Mitt Romney’s traveling press secretary lost his cool with reporters covering the candidate’s overseas trip. Aide Rick Gorka told reporters to “kiss my ass” and “shove it” after they shouted questions at Romney during his visit to Pilsudski Square, near the Polish Tomb of the Unknown Soldier.
“Kiss my ass; this is a holy site for the Polish people,” said Gorka to reporters. “Show some respect.” Gorka then told a reporter to “shove it.” The aide later called members of the press to apologize, calling his actions “inappropriate.” Romney has not held a media availability for his traveling press corps since taking three questions outside 10 Downing Street in London last Thursday.
The Politico Arena question for today was: Was this an instance of aggressive reporters overstepping their bounds? Or do presidential candidates need to be more accessible to media outlets?
My take is this:
It’s easy to say there is blame on both sides. And there is. No press aide can ever afford to be rude or obscene in his or her attempts, however frustrating, to get the media to focus on the candidate’s preferred issues. Getting any campaign’s messages out requires a constant dance with the press in a rapacious news cycle always pleading to be fed. When there is no substance, style inevitably becomes the focus of media attention. The right will squeal allegations that it’s all because of the “liberal media,” but really it has more to do with boredom on a slow news day coupled with an inaccessible candidate who becomes more media-shy the more these incidents happen.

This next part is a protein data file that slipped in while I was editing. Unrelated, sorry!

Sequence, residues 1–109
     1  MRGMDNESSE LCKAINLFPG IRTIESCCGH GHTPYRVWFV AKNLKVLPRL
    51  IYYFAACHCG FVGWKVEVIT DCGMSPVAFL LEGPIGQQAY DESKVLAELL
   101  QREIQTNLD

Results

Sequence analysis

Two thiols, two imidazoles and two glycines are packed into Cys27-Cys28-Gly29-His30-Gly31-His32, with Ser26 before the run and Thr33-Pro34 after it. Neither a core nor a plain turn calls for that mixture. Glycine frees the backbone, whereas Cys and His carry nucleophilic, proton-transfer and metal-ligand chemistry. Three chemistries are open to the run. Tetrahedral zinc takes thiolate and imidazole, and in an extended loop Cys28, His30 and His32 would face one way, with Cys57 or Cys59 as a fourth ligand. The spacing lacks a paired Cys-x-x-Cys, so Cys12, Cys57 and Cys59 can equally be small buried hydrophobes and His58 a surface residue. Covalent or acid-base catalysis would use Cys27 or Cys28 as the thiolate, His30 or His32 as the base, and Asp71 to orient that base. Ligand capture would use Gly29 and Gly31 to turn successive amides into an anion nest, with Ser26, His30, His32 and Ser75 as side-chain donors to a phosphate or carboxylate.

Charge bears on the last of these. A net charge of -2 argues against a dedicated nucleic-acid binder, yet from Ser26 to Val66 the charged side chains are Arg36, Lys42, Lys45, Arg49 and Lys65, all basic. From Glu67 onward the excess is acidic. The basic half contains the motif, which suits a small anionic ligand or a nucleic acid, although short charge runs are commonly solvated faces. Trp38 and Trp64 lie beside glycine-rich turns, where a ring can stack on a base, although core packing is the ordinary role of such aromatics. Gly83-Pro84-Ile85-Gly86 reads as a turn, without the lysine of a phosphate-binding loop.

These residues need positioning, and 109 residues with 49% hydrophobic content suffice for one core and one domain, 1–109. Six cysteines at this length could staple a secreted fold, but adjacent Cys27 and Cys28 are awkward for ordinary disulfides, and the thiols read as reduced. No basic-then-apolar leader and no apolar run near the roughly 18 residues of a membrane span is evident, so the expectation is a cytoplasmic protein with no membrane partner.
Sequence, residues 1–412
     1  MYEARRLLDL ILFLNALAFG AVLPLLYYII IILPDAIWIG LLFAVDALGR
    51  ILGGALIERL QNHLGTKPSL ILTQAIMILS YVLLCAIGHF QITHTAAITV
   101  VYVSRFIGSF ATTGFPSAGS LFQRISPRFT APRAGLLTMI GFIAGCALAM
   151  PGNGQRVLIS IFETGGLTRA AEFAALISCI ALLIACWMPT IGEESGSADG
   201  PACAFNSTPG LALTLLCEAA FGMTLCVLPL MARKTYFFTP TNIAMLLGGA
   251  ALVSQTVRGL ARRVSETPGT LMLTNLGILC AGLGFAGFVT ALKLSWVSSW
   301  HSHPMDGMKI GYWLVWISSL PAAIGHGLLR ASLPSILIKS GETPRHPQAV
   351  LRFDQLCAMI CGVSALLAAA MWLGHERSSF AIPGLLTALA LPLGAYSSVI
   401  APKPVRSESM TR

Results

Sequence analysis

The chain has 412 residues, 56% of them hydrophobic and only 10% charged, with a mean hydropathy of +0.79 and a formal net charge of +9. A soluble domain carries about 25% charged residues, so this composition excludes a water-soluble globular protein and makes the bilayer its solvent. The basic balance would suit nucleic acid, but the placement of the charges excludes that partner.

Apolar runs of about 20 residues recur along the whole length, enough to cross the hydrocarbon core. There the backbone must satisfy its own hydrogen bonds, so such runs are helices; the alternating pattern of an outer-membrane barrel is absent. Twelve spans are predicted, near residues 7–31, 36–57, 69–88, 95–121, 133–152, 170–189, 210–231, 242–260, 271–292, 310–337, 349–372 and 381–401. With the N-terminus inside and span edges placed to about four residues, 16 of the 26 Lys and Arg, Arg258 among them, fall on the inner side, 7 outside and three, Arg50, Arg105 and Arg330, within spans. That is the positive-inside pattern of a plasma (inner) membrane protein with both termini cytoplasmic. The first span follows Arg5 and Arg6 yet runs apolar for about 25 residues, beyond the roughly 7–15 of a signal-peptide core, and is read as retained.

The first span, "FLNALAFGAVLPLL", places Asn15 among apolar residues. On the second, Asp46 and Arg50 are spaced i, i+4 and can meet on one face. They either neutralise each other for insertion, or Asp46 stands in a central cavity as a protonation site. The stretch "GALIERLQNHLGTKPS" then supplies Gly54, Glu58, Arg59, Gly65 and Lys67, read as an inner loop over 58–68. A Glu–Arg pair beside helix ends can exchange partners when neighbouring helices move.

All that said, I can’t help but feel sorry for Gorka. He has the impossible task of defining a deliberately indefinable candidate. No wonder Romney keeps stubbing his toe on public discourse. He has no idea who he is, so how can he authentically empathize with others when talking with them? His trifecta of gaffes this week, stretching from London to Jerusalem on a globe hopping trip concocted to show the world he is prepared to lead foreign policy, has made him look like a buffoon once again. If I were Gorka, I’d be uttering all kinds of choice words right now. Apparently he forgot the cardinal rule of keeping his frustration within the confines of the campaign while keeping his public face cheery at all times.
GLORIA FELDT is the New York Times bestselling author of several books including No Excuses: 9 Ways Women Can Change How We Think About Power, a sought-after speaker and frequent contributor to major news outlets, and the Co-Founder and President of Take The Lead. People has called her “the voice of experience,” and among the many honors she has been given, Vanity Fair called her one of America’s “Top 200 Women Legends, Leaders, and Trailblazers,” and Glamour chose her as a “Woman of the Year.”
As co-founder and president of Take The Lead, a leading women’s leadership nonprofit, her mission is to achieve gender parity by 2025 through innovative training programs, workshops, a groundbreaking 50 Women Can Change The World immersive, online courses, a free weekly newsletter, and events including a monthly Virtual Happy Hour program and a Take The Lead Day symposium that reached over 400,000 women globally in 2017.